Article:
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Volume 23 Supplement 2

London Trauma Conference 2014

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Could the implementation of a trauma checklist improve quality of care?


Medical error in trauma care remains common [1]. Checklists are a cognitive aid that can be employed to standardise practice and minimise error. Their usage is ubiquitous in other high-intensity professions, such as aviation. Following the success of the World Health Organisation's surgical safety checklist they are now in the process of developing a trauma care checklist. My aim was to evaluate whether a checklist could be applied to the trauma setting to facilitate high quality, standardised care.


  1. 1.

    Audit the prevalence of human factors during trauma calls in a major trauma centre in the UK

  2. 2.

    Literature review of the use of checklists in medicine


  • At least one incidence of negative human factors affecting trauma team performance was observed during each trauma call with the average incidence being three times per resuscitation.

  • Evidence suggests that poor communication is the leading cause of medical error. This was corroborated by my audit findings.

  • A review of literature shows that checklists in are effective tools for standardising care by reducing error and improving compliance with guidelines [2].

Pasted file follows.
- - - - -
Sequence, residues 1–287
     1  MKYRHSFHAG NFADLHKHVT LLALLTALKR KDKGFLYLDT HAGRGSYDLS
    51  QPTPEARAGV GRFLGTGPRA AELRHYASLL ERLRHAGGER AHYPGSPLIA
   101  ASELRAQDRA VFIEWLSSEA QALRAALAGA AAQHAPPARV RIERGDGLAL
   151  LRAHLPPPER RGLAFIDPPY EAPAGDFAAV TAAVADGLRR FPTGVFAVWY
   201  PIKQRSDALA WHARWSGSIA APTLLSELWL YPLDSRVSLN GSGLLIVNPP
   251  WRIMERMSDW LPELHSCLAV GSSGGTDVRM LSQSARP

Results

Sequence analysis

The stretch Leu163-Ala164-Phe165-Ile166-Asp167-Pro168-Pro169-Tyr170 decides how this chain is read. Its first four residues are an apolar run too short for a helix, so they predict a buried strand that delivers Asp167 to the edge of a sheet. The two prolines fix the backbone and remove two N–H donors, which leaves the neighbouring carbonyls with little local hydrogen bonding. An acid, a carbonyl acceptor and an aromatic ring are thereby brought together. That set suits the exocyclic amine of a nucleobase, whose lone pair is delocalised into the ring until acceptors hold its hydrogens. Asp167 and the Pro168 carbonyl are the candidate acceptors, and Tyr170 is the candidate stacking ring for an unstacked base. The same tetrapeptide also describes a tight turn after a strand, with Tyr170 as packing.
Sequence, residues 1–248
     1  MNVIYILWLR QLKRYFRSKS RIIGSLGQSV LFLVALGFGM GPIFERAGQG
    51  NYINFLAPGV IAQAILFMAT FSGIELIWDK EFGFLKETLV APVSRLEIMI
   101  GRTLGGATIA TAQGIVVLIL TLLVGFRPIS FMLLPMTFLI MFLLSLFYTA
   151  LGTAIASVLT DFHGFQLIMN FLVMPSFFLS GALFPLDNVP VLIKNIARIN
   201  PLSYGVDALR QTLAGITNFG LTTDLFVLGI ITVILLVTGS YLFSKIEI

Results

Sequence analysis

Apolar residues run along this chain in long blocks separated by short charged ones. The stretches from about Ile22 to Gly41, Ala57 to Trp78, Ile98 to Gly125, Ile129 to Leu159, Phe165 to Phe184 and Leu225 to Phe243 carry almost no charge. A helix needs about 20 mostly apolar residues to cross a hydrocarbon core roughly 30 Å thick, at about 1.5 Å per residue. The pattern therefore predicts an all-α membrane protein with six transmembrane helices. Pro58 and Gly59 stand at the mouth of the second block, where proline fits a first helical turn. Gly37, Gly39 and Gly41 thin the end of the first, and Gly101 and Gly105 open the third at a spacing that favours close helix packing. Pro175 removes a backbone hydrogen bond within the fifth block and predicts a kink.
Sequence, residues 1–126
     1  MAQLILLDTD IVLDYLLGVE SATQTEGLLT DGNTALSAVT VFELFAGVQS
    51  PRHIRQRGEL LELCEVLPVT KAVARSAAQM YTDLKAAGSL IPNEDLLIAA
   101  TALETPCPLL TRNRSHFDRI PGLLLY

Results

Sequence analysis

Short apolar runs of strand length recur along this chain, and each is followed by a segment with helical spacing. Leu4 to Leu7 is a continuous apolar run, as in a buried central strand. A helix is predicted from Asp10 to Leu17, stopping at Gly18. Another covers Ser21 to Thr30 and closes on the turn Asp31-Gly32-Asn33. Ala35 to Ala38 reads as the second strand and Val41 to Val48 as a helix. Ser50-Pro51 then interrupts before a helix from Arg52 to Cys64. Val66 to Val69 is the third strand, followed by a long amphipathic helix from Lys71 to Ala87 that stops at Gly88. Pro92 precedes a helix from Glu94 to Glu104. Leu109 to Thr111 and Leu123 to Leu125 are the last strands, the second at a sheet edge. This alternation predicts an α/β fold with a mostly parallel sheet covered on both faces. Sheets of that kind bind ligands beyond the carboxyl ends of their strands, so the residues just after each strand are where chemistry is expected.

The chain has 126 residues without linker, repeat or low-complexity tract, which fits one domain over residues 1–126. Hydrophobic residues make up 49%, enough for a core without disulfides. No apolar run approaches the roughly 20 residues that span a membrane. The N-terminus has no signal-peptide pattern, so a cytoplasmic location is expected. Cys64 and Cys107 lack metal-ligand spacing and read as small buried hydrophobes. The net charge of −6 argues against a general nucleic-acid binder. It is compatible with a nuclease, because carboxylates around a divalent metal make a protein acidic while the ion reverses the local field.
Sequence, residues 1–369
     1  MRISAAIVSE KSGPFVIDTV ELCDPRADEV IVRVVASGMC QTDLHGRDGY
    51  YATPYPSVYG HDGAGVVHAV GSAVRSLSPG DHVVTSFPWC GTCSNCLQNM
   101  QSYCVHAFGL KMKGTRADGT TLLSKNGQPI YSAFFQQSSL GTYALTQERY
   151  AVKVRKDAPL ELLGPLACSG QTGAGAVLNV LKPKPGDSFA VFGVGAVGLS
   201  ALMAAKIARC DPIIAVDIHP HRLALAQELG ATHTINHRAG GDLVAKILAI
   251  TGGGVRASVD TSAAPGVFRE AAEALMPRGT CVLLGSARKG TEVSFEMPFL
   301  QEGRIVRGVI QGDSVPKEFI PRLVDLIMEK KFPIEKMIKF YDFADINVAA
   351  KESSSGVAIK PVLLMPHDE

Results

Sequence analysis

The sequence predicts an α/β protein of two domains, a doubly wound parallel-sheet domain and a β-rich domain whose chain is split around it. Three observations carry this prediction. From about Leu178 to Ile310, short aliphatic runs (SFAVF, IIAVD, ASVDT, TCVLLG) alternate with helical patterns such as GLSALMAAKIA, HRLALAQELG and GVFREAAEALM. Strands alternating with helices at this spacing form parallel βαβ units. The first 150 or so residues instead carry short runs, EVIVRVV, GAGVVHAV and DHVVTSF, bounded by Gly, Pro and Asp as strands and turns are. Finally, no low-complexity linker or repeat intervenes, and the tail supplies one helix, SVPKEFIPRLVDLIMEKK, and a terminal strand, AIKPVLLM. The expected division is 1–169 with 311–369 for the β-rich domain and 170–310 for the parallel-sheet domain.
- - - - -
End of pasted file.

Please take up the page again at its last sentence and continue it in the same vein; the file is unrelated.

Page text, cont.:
It is essential that organisational safety culture is addressed and the subject of human error is acknowledged to improve care provision and enhance patient safety. Checklists represent a promising method of tackling this issue that should be used synergistically with existing management strategies.


  1. Cooper DJ, McDermott FT, Cordner SM, Tremayne AB: “Quality assessment of the management of road traffic fatalities at a level I trauma center compared with other hospitals in Victoria, Australia. Consultatitive Committee on Road Traffic Fatalities in Victoria.”. J Trauma. 1998, 45 (4): 772-779. 10.1097/00005373-199810000-00027.

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  2. Thomassen O, et al: “The effects of safety checklists in medicine: a systematic review.”. Acta Anaesthesiol Scand. 2013, 58 (1): 5-18.

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Correspondence to Elizabeth Ashton.

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Ashton, E. Could the implementation of a trauma checklist improve quality of care?. Scand J Trauma Resusc Emerg Med 23 (Suppl 2), A13 (2015).

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